Plant CSI — Do you have what it takes?

Heather Kirk-Ballard

LSU AgCenter Horticulturist

(08/30/19) Have you ever seen a plant in the landscape or garden that you thought was supposed to be green but wasn’t? Did the coloring include yellow, cream or white in different patterns — streaked, blotched or mottled? Or did you see pink or purple foliage on a plant that had otherwise been only green before? Or maybe you have admired a beautiful flower that has more than one color.

Was your first instinct to think that it looks exactly as it should? Or did you think something is wrong? Is it some environmental stress? Is it a lack of nutrients? Is the plant sick from a pathogen? Did it get too much water? Not enough water? Is it genetic? Or are plant breeders responsible? The answer could be yes to any of these. It is quite possible that any one of these could be the reason the plant looks the way it does.

In some cases, you may have a purchased a plant specifically for those aesthetic characteristics. Plants that display foliage of different colors or patterned colors are referred to as variegated in the plant world. Either or both foliage and flowers can be variegated when more than one color is present in some type of pattern. In most cases, only two colors will be present (these are bicolored). Sometimes it will be three colors (tricolored). Or you can even have four or more colors.

Just how does this happen? Ornamentally speaking, there can be three possible reasons for this. First, it can be a genetic trait that is passed down from the parent plant. Second, it could have occurred randomly, with that specific plant cloned and propagated by plant breeders. (We’ll get to the third later.)

Color variation is often just the absence of the green pigment (chlorophyll) in some of the plant cells. This could be a result of a cell mutation or a genetically inherited trait passed down to offspring. A genetic trait is stable, but random mutations are unstable.

The variegation mutations are an anomaly of nature. Plant breeders will see these mutations as something beautiful and then clone the plants to produce more plants with those specific traits. This can also happen in reverse where you observe a plant that once displayed foliage of several colors “revert” back to a full green, single colored foliage. These are both naturally occurring mishaps of nature.

To make this as clear as mud, here’s the third reason: viral infections. When a plant becomes infected with certain viruses, they can cause symptoms that will result in the two-toned coloring (foliar mosaic) that gives it a distinctive pattern. The veins of the plant may yellow, or the leaves may lose green coloring between the veins. The leaf can also become curled, causing a malformation, or the plant could be stunted. These characteristics can be attractive to breeders even though they were caused by a virus.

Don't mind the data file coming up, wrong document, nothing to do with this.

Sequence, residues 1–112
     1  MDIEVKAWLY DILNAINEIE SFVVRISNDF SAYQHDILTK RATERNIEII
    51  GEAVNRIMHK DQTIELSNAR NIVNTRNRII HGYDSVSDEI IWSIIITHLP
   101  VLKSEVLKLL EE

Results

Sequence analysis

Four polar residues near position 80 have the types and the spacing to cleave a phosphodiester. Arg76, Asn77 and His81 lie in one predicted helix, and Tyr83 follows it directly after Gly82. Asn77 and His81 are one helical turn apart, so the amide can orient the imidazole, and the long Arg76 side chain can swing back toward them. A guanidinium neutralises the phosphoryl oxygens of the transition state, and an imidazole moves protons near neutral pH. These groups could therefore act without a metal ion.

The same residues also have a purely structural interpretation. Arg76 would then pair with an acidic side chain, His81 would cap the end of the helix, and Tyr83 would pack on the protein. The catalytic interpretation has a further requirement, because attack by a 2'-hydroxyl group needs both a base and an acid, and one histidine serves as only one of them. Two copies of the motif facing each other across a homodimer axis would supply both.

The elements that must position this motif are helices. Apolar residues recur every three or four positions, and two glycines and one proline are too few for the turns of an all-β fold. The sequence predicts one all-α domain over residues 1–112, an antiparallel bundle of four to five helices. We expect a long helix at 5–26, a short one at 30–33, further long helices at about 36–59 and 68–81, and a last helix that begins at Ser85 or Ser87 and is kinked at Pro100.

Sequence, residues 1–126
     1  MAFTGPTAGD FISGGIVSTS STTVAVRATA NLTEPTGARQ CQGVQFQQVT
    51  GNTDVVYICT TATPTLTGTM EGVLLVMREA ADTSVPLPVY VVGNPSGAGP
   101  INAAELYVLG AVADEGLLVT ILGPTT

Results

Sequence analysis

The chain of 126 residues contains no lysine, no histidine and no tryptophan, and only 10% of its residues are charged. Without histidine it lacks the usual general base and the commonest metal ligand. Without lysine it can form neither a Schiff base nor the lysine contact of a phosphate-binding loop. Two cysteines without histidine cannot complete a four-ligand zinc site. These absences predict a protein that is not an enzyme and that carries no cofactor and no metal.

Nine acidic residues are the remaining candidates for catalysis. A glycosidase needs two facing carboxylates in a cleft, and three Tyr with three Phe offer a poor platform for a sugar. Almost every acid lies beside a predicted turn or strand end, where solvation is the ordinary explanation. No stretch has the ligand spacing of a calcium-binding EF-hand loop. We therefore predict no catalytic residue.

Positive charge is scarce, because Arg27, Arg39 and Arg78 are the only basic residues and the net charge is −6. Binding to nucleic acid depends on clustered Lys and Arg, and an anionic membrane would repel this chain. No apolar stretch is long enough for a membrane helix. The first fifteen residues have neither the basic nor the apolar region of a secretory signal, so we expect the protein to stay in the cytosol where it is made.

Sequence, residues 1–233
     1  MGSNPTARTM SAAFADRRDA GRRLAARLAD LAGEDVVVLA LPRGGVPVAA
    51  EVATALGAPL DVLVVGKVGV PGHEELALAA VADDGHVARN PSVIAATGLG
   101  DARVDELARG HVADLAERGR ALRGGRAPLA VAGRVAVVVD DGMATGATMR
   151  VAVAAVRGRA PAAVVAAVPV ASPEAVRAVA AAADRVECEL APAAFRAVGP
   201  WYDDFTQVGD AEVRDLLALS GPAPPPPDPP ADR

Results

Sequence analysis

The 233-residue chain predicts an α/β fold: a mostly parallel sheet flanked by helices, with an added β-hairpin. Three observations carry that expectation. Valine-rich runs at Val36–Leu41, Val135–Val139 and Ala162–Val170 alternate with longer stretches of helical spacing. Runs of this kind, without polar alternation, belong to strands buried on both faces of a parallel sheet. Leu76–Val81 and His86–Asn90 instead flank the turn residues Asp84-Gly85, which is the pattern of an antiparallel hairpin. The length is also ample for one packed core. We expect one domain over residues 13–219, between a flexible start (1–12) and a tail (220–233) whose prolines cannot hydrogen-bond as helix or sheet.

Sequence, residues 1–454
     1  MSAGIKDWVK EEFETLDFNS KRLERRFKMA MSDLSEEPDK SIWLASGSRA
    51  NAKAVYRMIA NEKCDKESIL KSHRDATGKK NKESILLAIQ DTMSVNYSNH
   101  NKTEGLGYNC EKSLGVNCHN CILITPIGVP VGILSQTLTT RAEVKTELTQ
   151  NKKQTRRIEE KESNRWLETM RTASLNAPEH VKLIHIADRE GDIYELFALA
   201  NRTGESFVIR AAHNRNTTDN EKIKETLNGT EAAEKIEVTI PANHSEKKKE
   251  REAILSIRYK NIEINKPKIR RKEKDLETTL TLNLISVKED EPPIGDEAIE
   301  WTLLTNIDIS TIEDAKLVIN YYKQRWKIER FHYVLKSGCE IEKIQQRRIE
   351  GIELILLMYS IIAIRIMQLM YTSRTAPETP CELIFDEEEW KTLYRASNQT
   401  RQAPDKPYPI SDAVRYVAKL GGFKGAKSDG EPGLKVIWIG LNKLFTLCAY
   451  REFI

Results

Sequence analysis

Some growers have tapped into this tool of using viruses to manipulate the physical appearance of plants. One example is tulip-breaking virus that was once used in the early 17th century by Danish growers to force the beautiful flower variegation. The variegated tulip flowers increased the commercial value of the crop tremendously and proved to be an economic benefit. However, this virus-forcing variegation is not heavily practiced today as plant breeders have been able to duplicate the beautiful bloom characteristic their use.

There are other examples of viruses causing desirable visual traits in plants. Some of the color variation on specific camellia varieties is caused by the camellia yellow mottle virus while others are purely genetic. Other examples of plants displaying interesting aesthetics due to viruses include cannas that display variegated foliage when infected by canna yellow mosaic virus. Other ornamental plant species that have been modified by viruses include salvias, mints, maples, ageratum, angelonia, New Guinea impatiens and crotons.

Now that we have established how these plants come to hold these traits, let’s consider the mottling, curling and multicolored leaves that are not so purposeful.

If not on purpose, what is causing the leaves to turn yellow and green or to curl and become stunted? It could be for a number of reasons: an insect pest, a nutrient deficiency or iron chlorosis. To determine if it is a nutrient deficiency, you may submit a plant tissue sample for analysis at the LSU AgCenter soil testing and plant analysis laboratory.

Sometimes these issues can be caused by over-watering or poor drainage. They can also be caused by heat or cold. You need to know the full story and get the full picture when trying to determine exactly what is going on.

Put on your detective’s cap. Take a step back. Look at the big picture. Keep in mind what kind of plant it is; its age, size, condition and location; its relationship to other plants, weather and soil: and recent activity. We’ll delve deeper into this later. This is plant CSI, and I challenge you to be the principal investigator on the case.

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Leslie Ann camellia displays tri-colored leaves. LSU AgCenter archive photo by Dan Gill.

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Tricolor Asian jasmine is an example of a plant with variegated foliage. Photo by Heather Kirk-Ballard/LSU AgCenter

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Canna mosaic virus can cause variegated foliage. Photo by Heather Kirk-Ballard/LSU AgCenter

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Tulip-breaking virus was used in the early 17th century by Danish growers to force beautiful flower variegation. LSU AgCenter file photo

8/30/2019 8:56:49 PM
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